Drought affects millions in Indonesia
Harvests failing, reservoirs drying up, not enough clean water for domestic use
JAKARTA Millions of people across Indonesia are facing failed harvests and a shortage of clean water as a result of worsening drought conditions.
The Meteorology, Climatology and Geophysics Agency has predicted this year's dry season may go into the next month.
In Central Java, it is estimated that 1,235 villages in 266 districts will endure clean-water shortages during the dry season, said the Central Java Disaster Mitigation Agency (BPBD).
At least three reservoirs in the province have dried up and six others have low water levels, cutting supplies of water for irrigation and clean water for domestic use.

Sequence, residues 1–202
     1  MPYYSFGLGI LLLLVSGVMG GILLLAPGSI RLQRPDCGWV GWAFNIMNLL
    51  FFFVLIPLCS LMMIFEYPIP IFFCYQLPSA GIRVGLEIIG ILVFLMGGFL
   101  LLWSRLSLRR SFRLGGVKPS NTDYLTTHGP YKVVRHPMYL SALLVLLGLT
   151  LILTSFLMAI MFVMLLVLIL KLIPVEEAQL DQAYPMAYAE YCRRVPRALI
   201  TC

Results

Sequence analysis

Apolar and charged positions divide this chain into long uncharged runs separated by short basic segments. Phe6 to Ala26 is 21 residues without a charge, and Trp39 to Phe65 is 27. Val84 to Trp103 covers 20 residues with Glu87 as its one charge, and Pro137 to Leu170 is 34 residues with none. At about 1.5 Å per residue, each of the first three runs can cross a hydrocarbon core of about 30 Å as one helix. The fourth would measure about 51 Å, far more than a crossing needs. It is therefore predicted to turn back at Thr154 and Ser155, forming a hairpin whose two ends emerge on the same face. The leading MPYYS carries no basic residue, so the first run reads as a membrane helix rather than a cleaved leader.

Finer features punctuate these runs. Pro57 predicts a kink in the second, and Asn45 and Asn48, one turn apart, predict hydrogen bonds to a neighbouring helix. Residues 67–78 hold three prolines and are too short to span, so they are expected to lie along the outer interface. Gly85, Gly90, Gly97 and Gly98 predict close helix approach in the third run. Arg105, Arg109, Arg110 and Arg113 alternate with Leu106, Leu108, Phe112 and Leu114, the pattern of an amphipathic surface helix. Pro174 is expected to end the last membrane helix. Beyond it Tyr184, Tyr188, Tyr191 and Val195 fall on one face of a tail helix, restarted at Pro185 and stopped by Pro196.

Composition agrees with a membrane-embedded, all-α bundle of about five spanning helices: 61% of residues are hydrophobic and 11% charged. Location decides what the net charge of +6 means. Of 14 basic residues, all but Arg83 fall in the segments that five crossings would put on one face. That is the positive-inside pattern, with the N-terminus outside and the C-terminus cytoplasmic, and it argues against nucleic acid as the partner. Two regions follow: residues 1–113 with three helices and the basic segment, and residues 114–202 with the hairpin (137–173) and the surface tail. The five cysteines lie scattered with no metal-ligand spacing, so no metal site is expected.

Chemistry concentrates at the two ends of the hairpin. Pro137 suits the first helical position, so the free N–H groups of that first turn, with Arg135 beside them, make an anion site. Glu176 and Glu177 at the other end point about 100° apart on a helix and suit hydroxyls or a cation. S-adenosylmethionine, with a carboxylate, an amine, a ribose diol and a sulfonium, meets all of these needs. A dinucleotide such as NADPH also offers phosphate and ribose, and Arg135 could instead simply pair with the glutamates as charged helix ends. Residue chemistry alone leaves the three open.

Water volumes in the reservoirs have steadily declined since the dry season arrived in the province in July.
The dried-up reservoirs are in Gebyar and Botok in Sragen regency, as well as Uling in Wonogiri regency.
"The six reservoirs that have low water levels are in Kembangan and Brambang in Sragen, Krisak in Wonogiri, Cacaban in Tegal, Gunungrowo in Pati as well as Lodan in Rembang," Central Java Water Resources Management Agency head Prasetyo Budhie Yuwono said on Monday.
BPBD Central Java has earmarked 600 million rupiah (S$61,000) for the distribution of clean water to 46 villages in 22 districts.
BPBD Sabu Raijua has already started to distribute clean water to residents in 63 villages, using 335 water tankers.
However, its chief Pither Mara Rohi said supplies were still inadequate
As a long-term solution, the Sabu Raijua administration plans to build artificial lakes in every village in the regency.
- THE JAKARTA POST/ANN